One of the intentions that I consistently pray for is that each one of us may be open to embodying the paradigm shift in consciousness that many believe humanity is currently in the midst of. It’s a shift, a movement, from greed to justice, from apathy to compassion, and from mindless consumption to sustainable growth.
Artist, activist, and educator Buffy Sainte Marie has been embodying this shift in consciousness for decades, and in doing so has been an inspiration to many. Her song “No, No Keshagesh” is both a rousing anthem for a new way of being in the world and a stinging critique of a paradigm to which more and more people are saying “No!” - due to its inherent injustice, violence, and destructiveness of the entire planet.
Buffy notes in the liner notes of Running for the Drum that keshagesh means “Greedy Guts . . . It’s what you call a little puppy who eats his own and then wants everybody else’s.” The term is appropriately employed as a metaphor for corporate greed in Buffy’s powerful “No, No Keshagesh” – “Mister Greed, I think your time has come; I’m gonna sing it and pray it and live it and say it, singing: No, No Keshagesh you can’t do that no more . . .”
I’m with you, Buffy. I’m with you.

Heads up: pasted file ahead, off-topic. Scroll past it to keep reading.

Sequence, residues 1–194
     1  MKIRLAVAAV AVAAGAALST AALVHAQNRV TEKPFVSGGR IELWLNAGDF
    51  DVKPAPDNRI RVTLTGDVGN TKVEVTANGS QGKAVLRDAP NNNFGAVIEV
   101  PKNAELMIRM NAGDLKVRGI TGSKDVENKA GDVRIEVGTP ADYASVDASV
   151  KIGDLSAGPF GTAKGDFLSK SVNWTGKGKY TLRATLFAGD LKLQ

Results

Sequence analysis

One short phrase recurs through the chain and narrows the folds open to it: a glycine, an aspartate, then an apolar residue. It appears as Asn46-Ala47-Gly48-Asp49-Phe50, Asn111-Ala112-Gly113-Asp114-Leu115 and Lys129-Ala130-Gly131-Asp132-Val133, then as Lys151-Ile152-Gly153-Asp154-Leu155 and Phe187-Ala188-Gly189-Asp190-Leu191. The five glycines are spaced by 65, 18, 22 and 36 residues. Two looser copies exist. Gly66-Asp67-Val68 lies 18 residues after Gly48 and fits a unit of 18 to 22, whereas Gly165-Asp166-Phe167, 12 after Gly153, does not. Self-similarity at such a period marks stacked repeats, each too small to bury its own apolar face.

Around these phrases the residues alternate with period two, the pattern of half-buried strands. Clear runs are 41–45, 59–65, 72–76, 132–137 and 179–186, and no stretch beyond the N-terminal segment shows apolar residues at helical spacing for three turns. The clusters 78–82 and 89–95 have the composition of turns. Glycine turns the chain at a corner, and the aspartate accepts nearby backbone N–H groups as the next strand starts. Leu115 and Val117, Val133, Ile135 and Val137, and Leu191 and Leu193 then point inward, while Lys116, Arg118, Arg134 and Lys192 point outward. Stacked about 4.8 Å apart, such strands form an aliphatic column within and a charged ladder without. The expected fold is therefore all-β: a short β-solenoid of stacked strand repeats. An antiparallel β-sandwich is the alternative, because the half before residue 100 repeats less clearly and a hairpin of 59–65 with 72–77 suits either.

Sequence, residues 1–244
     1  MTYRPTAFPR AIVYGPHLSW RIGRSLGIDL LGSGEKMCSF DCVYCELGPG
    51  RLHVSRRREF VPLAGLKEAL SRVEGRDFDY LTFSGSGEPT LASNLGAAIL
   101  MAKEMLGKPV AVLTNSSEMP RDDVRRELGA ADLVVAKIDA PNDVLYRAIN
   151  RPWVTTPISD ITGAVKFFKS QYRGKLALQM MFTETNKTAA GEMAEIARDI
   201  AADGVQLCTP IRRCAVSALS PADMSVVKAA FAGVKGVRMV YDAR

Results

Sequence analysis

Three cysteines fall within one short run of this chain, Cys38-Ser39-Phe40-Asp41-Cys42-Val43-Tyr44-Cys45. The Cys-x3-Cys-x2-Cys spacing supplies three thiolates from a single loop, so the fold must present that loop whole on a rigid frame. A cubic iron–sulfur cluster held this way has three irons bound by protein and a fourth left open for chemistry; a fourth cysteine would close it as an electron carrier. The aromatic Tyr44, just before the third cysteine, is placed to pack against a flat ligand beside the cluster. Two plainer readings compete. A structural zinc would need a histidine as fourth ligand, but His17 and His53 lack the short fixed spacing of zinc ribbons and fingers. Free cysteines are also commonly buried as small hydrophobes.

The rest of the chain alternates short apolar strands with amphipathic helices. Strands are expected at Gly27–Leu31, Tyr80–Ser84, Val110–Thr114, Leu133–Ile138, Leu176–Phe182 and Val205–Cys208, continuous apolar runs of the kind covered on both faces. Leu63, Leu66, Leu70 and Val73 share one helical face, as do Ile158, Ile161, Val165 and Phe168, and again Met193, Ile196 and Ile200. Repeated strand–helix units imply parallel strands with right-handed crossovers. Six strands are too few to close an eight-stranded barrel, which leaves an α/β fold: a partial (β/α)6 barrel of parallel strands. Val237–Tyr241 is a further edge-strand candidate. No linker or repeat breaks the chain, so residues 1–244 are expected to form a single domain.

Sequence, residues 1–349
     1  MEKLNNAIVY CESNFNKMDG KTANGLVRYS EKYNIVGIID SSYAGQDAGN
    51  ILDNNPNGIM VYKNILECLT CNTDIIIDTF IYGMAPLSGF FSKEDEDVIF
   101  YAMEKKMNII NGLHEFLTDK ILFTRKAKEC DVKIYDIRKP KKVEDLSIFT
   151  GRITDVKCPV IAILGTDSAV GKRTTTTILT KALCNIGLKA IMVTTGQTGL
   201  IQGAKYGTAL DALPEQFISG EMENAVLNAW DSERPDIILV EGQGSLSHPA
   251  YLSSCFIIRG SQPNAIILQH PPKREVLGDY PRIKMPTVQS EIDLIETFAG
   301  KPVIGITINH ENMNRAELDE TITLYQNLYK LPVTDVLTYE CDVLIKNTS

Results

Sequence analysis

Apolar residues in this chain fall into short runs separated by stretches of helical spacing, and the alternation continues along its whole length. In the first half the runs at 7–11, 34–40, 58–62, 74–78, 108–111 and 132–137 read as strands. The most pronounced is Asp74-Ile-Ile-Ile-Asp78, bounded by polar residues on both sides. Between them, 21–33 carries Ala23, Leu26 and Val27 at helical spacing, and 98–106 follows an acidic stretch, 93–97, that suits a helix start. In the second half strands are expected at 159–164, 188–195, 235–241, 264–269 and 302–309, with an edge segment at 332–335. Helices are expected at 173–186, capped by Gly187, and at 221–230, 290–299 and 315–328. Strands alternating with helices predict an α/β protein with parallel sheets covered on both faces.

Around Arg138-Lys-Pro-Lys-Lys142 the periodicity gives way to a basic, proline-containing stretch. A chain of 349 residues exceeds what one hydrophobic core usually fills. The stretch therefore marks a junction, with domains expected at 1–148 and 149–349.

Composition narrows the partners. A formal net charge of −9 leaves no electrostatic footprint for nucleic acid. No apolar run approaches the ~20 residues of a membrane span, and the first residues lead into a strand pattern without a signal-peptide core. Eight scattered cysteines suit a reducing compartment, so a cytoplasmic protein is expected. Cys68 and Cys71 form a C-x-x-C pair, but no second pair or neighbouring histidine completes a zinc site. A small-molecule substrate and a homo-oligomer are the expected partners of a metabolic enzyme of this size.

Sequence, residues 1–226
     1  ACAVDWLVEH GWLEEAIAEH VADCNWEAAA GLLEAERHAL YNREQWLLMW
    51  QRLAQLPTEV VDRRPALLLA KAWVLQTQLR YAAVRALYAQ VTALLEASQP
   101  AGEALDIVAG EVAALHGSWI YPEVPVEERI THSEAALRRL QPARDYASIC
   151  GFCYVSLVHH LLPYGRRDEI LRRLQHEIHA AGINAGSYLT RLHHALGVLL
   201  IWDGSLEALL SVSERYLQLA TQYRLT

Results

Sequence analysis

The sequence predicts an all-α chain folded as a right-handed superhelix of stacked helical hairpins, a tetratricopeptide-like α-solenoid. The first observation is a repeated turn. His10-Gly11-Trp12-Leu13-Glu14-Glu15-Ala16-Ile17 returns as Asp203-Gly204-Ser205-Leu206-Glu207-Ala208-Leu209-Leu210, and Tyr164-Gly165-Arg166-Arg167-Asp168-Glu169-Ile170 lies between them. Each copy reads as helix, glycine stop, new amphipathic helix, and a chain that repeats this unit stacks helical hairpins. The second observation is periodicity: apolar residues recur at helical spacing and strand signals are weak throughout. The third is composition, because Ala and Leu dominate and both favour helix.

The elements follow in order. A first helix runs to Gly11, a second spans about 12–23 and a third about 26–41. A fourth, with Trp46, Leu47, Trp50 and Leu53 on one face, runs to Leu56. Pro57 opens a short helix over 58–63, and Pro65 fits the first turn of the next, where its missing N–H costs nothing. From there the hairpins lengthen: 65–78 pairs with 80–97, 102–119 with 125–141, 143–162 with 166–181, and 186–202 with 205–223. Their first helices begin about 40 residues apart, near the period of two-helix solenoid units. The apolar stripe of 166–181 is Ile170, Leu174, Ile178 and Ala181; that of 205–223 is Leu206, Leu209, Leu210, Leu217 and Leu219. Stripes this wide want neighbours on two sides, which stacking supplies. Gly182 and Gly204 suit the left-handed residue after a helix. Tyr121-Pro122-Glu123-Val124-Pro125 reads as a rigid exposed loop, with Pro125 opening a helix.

I never saw so many business suits Never knew a dollar sign could look so cute Never knew a junkie with a money jones They singing Who’s sellin’ Park Place? Who’s buying Boardwalk? These old men they make their dirty deals Go in the back room and see what they can steal Talk about your beautiful for spacious skies It’s about uranium; it’s about the water rights Got Mother Nature on a luncheon plate They carve her up and call it real estate Want all the resources and all of the land They make a war over it; blow things up for it The reservation out at Poverty Row There’s something cooking and the lights are low Somebody trying to save our mother earth I’m gonna help ’em to save it and sing it and pray it, singing . . . No, no Keshagesh, you can’t do that no more! Old Columbus he was looking good When he got lost in our neighborhood Garden of Eden right before his eyes Now it’s all spyware; now it’s all income tax Old Brother Midas looking hungry today What he can’t buy he’ll get some other way Send in the troopers in the natives resist Old, old story boys; that’s how ya do it, boys Look at these people, Lord, they’re on a roll Got to have it all; got to have complete control Want all the resources and all of the land They break the law for it; blow things up for it While all our champions are off in the war Their final rip-off here at home is on Mister Greed, I think your time has come I’m gonna sing it and pray it and live it and say it, singing . . . No, no Keshagesh, you can’t do that no more!“No, No Keshagesh” is by no means the first time that Buffy Sainte-Marie has addressed the issue of corporate greed. In 1992, for instance, seven years before the “Battle in Seattle,” she recorded “Priests of the Golden Bull,” in which she sang knowingly of the threats to democracy, human life, and the environment posed by corporate-led globalization. “Priests of the Golden Bull” can be heard on Buffy’s album Coincidence and Likely Stories, as can “The Big Ones Get Away,” highlighted previously at The Wild Reed. Recommended Off-site Links: Buffy Sainte-Marie’s Official Website Buffy Sainte-Marie: Mouthbows to Cyberskins Buffy Sainte-Marie UK Buffy Sainte-Marie Tribute Site Buffy on Sesame Street Beyond Images of Women and Indians: Straight-talk from a Cree Icon - Brenda Norrell (Censored News, 1999/2008). A Review of Running for the Drum Previous artists featured on “Music Night at the Wild Reed”: The Church, Pet Shop Boys and Dusty Springfield, Wall of Voodoo, Stephen “Tin Tin” Duffy, Pink Floyd, Kate Ceberano, Judith Durham, Wendy Matthews, Buffy Sainte-Marie, 1927, Mavis Staples, Maxwell, Joan Baez, Tee Set, Darren Hayes, Wet, Wet, Wet, Engelbert Humperdinck, The Cruel Sea, Shirley Bassey, Loretta Lynn & Jack White, Foo Fighters, Jenny Morris, Kate Bush, Rufus Wainwright, and Dusty Springfield.